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Sports Column: Wishing coaches the best of three out of four greats

Before every season, Middlebury Union High School Activities Director Sean Farrell asks all boys and girls aspiring to be on teams that season and their parents and coaches to attend an organizational meeting at the high school.
We meet first as a group in the gym and then in individual team meetings. Coaches introduce themselves and their athletic philosophy and address relevant practical concerns.
I have two children at MUHS who enjoy sports so I have attended 11 of these meetings so far, and likely have five more coming up.
Sean often starts the assembly by discussing the jigsaw puzzle that is his life. He discusses the coaching defections since the last season and the challenge of filling his roster of coaches for that season.
It’s not as if his binders are full of abundantly qualified and meticulously vetted candidates for every opening. He puts together a group of the best-qualified coaches he can.
Many years ago, when I was in my 20s, I took on a high school teaching and coaching job in Ohio. I started out as the JV basketball and baseball coach. At the beginning of the basketball season, the athletic director handed me 15 warm-ups and 10 basketballs.
He told me, “At the end of the season, if you give me back 15 warm-ups and 10 basketballs, I’m going to think you’re a heck of a coach.” His concerns were practical.
When I was a kid myself, playing sports in school, my parents threatened to send me off to boarding school. I begged them not to do it. All I wanted in life, in adolescence, was to be a Lewiston High Blue Devil.
I wanted to play for the high school varsity coaches who were icons in the town. They saw themselves as the apex of a pyramid of participation, the leader of a “program,” extending down into the junior high and even lower-level organized sports.
What are the incentives today to coach school sports? The pay is short and the hours long and the headaches many, sometimes overwhelming.
Working with teenagers, emerging adults, and the parents who love them, sometimes intrusively, are a lot to take on, when your own life is demanding enough without these challenges.
Young athletes’ window of time is narrow indeed as they advance through the grades, growing in size and strength, gaining skills. They “retire” just as they are maturing into adults. The pressure on coaches to provide competitive opportunities is considerable.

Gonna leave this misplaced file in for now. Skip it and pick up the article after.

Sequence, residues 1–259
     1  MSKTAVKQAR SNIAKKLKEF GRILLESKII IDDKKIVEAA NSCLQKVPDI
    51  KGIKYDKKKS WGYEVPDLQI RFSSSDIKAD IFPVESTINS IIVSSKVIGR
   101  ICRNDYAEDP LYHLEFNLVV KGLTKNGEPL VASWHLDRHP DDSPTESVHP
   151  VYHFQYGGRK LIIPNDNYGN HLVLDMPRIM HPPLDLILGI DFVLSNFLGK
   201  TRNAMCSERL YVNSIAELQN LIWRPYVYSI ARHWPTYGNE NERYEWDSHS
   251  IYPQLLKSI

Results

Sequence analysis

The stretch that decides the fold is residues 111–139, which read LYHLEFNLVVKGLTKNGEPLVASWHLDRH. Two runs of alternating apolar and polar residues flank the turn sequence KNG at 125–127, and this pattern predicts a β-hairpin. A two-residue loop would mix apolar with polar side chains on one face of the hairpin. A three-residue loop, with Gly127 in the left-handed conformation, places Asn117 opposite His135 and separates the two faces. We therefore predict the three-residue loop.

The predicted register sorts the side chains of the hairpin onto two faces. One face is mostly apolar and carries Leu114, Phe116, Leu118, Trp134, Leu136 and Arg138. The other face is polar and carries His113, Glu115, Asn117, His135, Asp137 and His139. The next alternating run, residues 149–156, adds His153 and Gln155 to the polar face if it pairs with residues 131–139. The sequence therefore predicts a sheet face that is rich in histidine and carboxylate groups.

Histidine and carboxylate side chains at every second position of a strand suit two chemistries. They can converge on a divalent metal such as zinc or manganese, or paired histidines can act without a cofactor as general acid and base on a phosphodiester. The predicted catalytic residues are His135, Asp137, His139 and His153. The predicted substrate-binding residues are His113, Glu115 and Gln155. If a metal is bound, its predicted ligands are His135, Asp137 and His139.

It seems at times that for most parents, coaches possess the same flaw, more or less: it’s a syndrome called “my kid doesn’t play enough.”
It’s astonishing how often coaches lose competence in the blink of an eye. Brilliant one year, riding high, winning games, championships even; incompetent the next: the team is losing and they can’t coach anymore. Same approach, same level of effort, vastly different results.
President Kennedy famously said, “Victory has a thousand fathers, defeat is an orphan.” Handling defeat, coaching a losing team, overmatched by their opponents, is often a coach’s truest test and the time when they need the most support.
As Hall of Fame basketball coach Al McGuire said, “The best thing in sports is winning; the second best thing is losing.” The key, either way, is the opportunity to live fully in the moment, to experience the exhilaration of athletic competition, even in defeat.
Though they share the same pressures and demands, some coaches are indeed better than others, as in any line. Successful coaches come in all shapes and sizes, ages and backgrounds and personalities. They do share some qualities:
They have a technical knowledge of the sport they’re coaching and an ability to impart that knowledge, the X’s and O’s. They are teachers of sport.
They demonstrate respect and fairness to players, opponents and officials. They have a love of competition and sport generally and believe it to be a positive force in the development of young people. They enjoy kids.
They understand the authority they have in the lives of young people and their responsibility to be role models and mentors. They know the importance of both a firm hand and a soft touch.
They are dedicated to school and community and view sports in a larger social context. They identify with and communicate with other shareholders — players, most of all, but also school administrators, teachers and parents, as tricky as that can often be.
In a word, they’re leaders. It’s a tough job.
This holiday season, let’s send special best wishes to the coaches of our teams in Addison County — at Middlebury, Vergennes, Mount Abraham, and Otter Valley union high schools.
Let’s wish for them to receive the gift of the wisdom of Solomon, the patience of Job, the genius of Einstein. 
And the personality of Bill Belichick.
Three out of four ain’t bad.

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